– sdenham
    Commented Feb 3, 2022 at 17:38
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    $\begingroup$ "aerodynamic forces […] CANNOT change the […] aircraft structure." - well, they could, by breaking the aircraft apart :) $\endgroup$
    – Bergi
    Commented Feb 3, 2022 at 22:43
  • $\begingroup$ Hah! yes, on that point, you are correct. $\endgroup$ Commented Feb 4, 2022 at 3:26
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    $\begingroup$ To @sdenham's point, that last paragraph is a mouthful... Yes, I completely understand the point you are making, but had to read it a few times, and ultimately I don't think it adds any value or clarity to the first paragraph. CG is only affected if you redistribute mass. Period. $\endgroup$ Commented Feb 5, 2022 at 18:18
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    $\begingroup$ @Michael Hall, Yes, in hindsight, I agree with your reaction to my last paragraph. As I believe removing it completely would make all these comments confusing, I will edit it to make your point clear. $\endgroup$ Commented Feb 6, 2022 at 3:01

The author of the book makes a correct introduction: "..movement of the centre of gravity is due to a change in weight. The distribution of the aircraft’s weight can change for three reasons". The footnote is incorrect: a change in tailplane lift never causes a shift in Centre of Gravity. Aerodynamics have no business with gravity forces acting on mass - CoG does not change according to tail plane trim, the Centre of Lift does.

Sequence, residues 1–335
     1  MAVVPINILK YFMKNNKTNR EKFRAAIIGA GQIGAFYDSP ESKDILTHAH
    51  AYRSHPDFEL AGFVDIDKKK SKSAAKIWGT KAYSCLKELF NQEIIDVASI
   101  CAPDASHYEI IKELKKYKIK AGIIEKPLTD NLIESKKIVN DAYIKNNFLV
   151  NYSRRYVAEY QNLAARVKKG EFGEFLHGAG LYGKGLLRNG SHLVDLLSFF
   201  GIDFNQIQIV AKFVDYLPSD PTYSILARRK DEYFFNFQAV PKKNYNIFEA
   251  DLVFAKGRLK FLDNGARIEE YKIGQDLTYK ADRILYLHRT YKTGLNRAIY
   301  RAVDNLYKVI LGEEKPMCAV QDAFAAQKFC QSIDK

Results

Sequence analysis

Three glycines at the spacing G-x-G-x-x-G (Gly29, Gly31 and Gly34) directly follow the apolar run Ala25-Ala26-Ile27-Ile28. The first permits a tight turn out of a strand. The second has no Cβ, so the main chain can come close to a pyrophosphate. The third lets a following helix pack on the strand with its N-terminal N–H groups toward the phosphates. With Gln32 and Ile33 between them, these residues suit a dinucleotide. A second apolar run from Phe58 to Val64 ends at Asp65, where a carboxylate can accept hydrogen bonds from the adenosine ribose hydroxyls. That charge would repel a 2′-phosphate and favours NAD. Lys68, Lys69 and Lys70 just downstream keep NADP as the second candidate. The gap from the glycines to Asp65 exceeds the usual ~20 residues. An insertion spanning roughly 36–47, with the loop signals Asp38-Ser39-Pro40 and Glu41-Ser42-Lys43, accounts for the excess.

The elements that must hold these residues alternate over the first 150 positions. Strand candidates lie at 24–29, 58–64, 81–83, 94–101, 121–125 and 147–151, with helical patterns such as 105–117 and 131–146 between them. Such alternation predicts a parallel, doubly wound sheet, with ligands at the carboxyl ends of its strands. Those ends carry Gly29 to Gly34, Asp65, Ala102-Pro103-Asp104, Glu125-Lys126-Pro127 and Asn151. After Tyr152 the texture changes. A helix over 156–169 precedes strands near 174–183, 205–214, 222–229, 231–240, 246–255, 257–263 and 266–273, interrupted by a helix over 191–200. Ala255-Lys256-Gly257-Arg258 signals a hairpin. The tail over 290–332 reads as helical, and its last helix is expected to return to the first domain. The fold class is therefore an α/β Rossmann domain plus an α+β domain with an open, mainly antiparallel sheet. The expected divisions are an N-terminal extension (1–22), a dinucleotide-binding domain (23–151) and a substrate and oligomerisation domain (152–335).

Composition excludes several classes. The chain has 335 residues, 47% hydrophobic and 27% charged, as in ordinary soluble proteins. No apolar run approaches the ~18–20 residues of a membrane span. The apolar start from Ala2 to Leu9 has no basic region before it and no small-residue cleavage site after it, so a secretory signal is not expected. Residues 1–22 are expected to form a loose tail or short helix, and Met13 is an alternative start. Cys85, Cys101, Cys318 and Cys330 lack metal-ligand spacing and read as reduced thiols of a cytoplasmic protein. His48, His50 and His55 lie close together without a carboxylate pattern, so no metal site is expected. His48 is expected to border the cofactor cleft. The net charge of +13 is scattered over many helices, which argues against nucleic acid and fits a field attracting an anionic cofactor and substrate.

enter image description hereImage source, earlier mentioned in this answer.

But there is a mitigating factor, in case of fuel transfer. Modern passenger planes do change CoG by re-distributing fuel when cruising, exactly for purpose of reduced drag from positive tail plane lift. For instance in the A380, by means of the trim fuel tanks in the horizontal tail.

enter image description hereImage source

The other case where shifting the CoG helps efficiency at high speeds, is of course for supersonic aircraft. Wing CoL shifts from about quarter wing chord at subsonic speeds, to half wing chord at supersonic speeds. Fuel transfer around transsonic speed then shifts the CoG aft as well, to prevent large trim drag.